Countdown to a Coronavirus Vaccine - The New Yorker
On a hot afternoon in August, Debbie Honeycutt walked into the crowded waiting room of the Medical Center for Clinical Research, an experimental-treatment facility tucked inside a squat office building in San Diego. She was volunteer number four hundred and ten out of four hundred and sixty-six that the clinic had recruited to test a potential coronavirus vaccine. After a brief screening, a research assistant led her into an exam room, where a doctor administered a nasal-swab test and performed a physical examination. Honeycutt, who is sixty-nine years old, with short white hair and a matter-of-fact disposition, spent much of her career as a fund-raiser in the fields of education and science. This would be her sixth time volunteering in a clinical trial, and it had never felt more important. In the seven months since the first cases of covid-19 had been identified in the United States, 5.6 million people had been infected and a hundred and seventy-five thousand had died. Honeycutt, who lives alone in a tranquil suburb of San Diego—“the kind of place where you know all your neighbors”—had seen friends fall gravely ill. She also knew that the study needed people from high-risk demographics: over sixty-five, with underlying health conditions. She had high blood pressure. “They need guinea pigs,” she said. “I believe in helping people.”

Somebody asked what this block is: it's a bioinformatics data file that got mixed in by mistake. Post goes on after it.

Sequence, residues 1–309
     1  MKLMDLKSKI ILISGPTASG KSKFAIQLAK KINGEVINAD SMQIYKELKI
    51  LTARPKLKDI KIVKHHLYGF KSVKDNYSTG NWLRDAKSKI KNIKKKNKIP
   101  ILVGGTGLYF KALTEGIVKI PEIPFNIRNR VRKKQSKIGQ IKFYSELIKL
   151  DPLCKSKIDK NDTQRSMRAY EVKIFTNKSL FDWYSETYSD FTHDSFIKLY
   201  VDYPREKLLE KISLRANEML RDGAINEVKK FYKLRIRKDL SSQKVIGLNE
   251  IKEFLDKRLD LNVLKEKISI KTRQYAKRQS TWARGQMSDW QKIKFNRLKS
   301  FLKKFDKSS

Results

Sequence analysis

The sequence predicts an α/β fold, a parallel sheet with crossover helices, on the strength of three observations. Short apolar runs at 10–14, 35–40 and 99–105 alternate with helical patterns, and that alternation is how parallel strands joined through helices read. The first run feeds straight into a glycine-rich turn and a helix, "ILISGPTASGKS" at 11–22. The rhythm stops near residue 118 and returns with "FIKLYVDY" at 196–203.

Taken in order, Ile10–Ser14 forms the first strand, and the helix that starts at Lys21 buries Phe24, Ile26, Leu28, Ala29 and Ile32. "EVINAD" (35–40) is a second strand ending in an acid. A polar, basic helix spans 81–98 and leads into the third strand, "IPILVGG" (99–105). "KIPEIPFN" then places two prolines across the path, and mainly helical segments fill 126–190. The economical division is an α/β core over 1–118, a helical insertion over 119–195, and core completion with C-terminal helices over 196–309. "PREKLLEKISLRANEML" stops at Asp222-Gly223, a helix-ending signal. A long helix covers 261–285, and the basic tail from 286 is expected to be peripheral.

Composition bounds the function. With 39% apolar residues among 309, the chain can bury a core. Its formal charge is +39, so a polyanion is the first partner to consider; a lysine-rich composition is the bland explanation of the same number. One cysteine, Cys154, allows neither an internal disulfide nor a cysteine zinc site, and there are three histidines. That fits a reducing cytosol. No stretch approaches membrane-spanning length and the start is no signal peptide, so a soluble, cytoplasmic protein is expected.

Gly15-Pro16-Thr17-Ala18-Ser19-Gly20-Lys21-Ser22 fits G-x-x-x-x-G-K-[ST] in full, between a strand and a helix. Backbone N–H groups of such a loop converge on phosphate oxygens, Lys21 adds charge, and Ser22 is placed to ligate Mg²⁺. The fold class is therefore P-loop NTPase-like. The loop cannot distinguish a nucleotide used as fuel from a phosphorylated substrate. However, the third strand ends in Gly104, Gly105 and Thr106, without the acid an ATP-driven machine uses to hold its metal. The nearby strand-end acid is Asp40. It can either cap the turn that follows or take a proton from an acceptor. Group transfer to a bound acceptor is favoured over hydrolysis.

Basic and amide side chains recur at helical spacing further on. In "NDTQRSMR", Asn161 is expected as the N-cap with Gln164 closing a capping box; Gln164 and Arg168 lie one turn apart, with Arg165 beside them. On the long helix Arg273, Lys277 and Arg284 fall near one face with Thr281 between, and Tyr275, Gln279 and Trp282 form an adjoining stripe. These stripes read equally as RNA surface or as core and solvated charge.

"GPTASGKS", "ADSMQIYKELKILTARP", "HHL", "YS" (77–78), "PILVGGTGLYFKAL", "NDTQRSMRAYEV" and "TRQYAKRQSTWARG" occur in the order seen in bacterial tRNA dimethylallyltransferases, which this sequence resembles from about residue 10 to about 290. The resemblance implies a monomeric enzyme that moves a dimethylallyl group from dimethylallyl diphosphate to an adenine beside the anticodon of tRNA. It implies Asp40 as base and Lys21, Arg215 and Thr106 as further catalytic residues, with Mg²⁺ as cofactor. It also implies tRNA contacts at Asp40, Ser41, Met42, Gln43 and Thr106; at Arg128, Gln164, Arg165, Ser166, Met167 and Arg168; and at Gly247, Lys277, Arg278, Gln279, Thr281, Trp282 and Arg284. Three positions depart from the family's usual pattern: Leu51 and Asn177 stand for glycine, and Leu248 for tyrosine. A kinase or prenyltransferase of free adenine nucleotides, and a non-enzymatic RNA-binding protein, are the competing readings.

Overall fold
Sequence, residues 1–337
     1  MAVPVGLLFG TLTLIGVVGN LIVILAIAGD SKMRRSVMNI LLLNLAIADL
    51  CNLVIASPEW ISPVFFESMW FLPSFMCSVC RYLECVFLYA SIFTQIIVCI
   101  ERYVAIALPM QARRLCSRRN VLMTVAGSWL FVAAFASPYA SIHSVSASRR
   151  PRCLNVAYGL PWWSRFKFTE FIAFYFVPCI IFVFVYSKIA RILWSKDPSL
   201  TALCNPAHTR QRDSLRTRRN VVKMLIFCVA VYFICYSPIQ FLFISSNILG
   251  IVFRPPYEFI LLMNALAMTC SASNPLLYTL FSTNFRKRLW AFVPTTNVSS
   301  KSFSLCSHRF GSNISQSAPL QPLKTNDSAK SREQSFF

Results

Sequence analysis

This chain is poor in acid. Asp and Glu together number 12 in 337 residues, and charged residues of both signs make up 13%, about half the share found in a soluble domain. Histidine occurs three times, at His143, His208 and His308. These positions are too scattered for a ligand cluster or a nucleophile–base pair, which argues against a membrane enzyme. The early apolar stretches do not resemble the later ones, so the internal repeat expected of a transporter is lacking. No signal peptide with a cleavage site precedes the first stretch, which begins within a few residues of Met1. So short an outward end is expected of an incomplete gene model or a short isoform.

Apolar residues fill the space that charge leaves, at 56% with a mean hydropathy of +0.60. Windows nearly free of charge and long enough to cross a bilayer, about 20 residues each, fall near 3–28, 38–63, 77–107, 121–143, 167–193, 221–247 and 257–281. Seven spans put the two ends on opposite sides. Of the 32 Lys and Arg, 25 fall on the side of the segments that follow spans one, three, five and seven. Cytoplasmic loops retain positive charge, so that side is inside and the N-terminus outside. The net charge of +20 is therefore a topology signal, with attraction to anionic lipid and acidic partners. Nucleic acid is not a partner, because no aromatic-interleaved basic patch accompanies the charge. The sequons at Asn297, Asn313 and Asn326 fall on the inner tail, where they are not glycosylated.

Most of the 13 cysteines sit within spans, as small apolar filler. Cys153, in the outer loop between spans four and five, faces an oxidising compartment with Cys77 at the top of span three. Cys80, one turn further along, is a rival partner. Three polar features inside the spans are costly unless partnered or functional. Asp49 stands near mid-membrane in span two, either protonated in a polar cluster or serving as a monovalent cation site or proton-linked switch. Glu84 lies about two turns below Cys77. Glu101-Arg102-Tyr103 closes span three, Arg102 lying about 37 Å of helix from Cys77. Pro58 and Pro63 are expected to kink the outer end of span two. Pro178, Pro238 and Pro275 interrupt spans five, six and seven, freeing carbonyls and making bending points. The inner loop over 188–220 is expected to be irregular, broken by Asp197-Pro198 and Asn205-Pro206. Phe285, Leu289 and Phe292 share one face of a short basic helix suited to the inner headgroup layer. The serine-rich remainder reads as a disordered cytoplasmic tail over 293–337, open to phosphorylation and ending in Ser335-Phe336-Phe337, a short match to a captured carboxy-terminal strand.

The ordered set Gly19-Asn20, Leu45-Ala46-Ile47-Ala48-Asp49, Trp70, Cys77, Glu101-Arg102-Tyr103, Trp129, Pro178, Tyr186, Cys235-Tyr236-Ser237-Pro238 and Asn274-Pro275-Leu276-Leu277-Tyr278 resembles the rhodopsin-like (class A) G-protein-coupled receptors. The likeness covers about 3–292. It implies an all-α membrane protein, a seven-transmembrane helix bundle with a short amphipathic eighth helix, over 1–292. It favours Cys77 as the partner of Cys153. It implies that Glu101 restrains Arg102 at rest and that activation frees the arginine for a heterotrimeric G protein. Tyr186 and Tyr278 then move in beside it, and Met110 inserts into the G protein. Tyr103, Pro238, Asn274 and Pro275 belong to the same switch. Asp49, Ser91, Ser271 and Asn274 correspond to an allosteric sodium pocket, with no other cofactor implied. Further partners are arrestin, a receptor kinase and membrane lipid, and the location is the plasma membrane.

A nurse gave Honeycutt an injection. Neither of them knew whether the liquid was a placebo or an experimental vaccine known as mRNA-1273. Developed by the Massachusetts-based biotech company Moderna, the vaccine contains a microscopic chain of messenger RNA, the atom-size instructions for building proteins. No vaccine made from mRNA has ever been licensed for commercial use. After the injection, Honeycutt was kept under observation for thirty minutes, to be sure that it did not trigger an anaphylactic reaction; during that time, the vaccine, if that’s what she’d been given, was crossing her cell membranes, into the cytoplasm, where the ribosomes would begin using its code to manufacture a defense against the virus. Honeycutt hoped that she had got the real thing. But, she said, “you don’t know. It could be saline.”
Honeycutt was one of thirty thousand volunteers nationwide, aged eighteen and older, in Moderna’s Phase III trial—the final test of safety and efficacy before a company applies to the U.S. Food and Drug Administration for authorization. A Phase III clinical trial for an experimental vaccine is simple, at least in concept. Half the volunteers receive a placebo, and half receive the vaccine. No one can see who got what except the members of the Data and Safety Monitoring Board, an independent group of experts appointed by the National Institutes of Health. Once a predetermined number of volunteers develop symptomatic cases, the board members take their first peek at the data.